The National Human Genome Research Institute (NHGRI) issued a Notice of Special Interest (NOSI) to solicit research proposals focused on “a better understanding of host response, associated diseases, and short- and long-term clinical outcomes of individuals infected with SARS-CoV-2.” Research interests include but are not limited to the development of novel methods using genomic techniques to identify signatures of infection, prognosis, and severity of disease, development of novel genomic-based tools, kits or reagents to track and monitor SARSCoV-2 infected individuals, and use of tools to understand the genetic epidemiology of SARSCoV-2. Additional details and application and submission details can be found in the Notice. Investigators can apply for both Administrative Supplements and Urgent Competitive Revisions through this NOSI.

The National Institute on Aging (NIA) issued a Notice of Special Interest (NOSI) highlighting the need for mission critical areas of research for NIA as they relate to the ongoing COVID-19 crisis. NIA is encouraging applications for both Administrative Supplements and Competitive Revisions that address research interests relevant to work within the Division of Aging Biology, Division of Neuroscience, Division of Geriatrics and Clinical Gerontology, and the Division of Behavioral and Social Research. Details about the specific research priorities within each Division are listed in the full NOSI. As part of this announcement, the National Institute of Mental Health (NIMH) will also accept applications for supplements and revisions to existing NIMH grants; these applications should focus on “how a disrupted workforce may adequately respond/adapt to and maintain services or provide additional care for new or worsening mental health needs and/or suicide risk in midlife and older age adults.” View additional details.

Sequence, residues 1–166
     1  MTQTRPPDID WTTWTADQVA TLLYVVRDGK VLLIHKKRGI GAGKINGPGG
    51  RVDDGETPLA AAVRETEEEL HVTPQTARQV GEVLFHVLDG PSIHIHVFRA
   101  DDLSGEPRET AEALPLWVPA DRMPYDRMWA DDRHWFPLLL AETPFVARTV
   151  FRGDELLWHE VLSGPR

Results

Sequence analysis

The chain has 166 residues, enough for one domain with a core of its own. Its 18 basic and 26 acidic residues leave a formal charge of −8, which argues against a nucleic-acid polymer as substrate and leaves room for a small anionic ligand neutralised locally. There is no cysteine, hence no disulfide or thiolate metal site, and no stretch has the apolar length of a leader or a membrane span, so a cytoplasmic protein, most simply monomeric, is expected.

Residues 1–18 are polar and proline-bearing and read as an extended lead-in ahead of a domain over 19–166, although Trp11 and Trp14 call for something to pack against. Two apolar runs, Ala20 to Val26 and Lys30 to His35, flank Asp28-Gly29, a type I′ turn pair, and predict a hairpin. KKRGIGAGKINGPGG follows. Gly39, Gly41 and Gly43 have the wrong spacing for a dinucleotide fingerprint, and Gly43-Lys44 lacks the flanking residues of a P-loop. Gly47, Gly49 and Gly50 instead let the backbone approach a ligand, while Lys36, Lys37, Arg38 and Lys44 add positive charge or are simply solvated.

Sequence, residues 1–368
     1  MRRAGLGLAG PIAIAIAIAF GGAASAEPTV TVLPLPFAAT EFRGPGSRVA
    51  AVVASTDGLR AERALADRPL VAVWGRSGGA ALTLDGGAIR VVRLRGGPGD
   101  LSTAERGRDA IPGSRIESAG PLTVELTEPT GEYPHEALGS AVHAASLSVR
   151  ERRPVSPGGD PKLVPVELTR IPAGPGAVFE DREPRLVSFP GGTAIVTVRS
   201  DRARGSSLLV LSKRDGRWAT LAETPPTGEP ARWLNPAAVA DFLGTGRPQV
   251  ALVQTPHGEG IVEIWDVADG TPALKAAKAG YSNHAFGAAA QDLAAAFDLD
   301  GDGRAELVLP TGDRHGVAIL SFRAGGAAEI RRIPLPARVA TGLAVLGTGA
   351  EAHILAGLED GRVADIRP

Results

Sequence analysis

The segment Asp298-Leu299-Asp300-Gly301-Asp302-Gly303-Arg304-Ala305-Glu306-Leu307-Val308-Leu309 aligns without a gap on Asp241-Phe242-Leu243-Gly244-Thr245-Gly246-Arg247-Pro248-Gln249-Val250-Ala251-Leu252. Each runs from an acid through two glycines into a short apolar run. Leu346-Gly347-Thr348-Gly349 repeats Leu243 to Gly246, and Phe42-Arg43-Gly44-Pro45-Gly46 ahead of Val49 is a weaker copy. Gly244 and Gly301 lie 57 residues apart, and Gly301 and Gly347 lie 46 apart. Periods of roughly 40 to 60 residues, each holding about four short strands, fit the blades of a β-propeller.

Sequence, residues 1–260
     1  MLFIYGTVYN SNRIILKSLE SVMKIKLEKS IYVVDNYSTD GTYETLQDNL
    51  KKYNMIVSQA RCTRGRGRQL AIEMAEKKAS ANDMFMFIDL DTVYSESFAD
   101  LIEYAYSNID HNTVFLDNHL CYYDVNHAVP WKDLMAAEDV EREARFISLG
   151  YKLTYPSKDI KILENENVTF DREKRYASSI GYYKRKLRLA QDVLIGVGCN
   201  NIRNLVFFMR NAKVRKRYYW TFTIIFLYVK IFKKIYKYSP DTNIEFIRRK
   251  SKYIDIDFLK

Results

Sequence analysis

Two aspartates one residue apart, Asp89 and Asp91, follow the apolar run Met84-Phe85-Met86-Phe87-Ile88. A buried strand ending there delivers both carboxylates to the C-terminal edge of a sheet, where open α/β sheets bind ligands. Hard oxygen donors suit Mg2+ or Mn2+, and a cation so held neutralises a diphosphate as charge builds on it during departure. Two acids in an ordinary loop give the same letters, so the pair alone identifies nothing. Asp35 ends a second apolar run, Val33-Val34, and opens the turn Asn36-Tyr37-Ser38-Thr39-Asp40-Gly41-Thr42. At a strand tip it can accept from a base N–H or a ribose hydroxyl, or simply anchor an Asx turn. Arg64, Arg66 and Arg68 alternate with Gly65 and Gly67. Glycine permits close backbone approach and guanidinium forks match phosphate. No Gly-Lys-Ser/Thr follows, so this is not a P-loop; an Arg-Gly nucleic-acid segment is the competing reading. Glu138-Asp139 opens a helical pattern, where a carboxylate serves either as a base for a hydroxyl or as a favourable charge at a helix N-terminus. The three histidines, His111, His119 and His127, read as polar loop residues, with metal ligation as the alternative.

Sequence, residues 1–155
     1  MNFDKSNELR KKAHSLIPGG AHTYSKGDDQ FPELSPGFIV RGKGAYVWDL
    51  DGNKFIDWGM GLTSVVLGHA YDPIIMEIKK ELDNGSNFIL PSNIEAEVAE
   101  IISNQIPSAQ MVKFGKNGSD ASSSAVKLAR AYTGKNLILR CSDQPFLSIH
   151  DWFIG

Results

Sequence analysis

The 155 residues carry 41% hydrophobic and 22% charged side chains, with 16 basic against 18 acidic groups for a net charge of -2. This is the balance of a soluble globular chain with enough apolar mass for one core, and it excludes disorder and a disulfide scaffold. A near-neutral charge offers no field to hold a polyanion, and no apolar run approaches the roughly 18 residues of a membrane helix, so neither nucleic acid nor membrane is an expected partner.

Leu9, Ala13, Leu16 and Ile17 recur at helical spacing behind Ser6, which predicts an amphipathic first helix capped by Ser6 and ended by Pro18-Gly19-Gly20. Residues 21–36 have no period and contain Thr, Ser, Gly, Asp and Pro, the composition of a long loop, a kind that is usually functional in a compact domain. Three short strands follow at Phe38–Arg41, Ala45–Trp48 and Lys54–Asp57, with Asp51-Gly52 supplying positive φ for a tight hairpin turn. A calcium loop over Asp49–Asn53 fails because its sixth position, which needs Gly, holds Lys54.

DOE is participating in the COVID-19 High Performance Computing Consortium. Currently, the six leading DOE National Labs with high performance computing capabilities are involved in the Consortium—Argonne, Lawrence Berkeley, Lawrence Livermore, Los Alamos, Oak Ridge, and Sandia National Laboratories. The purpose is to leverage the country’s leading supercomputing capabilities to perform complex simulations employing machine learning and artificial intelligence to help address COVID-19. Researchers should submit COVID-19 related research proposals to the Consortium via an online portal, which will then be reviewed for matching with computing resources from one of the participating national laboratories.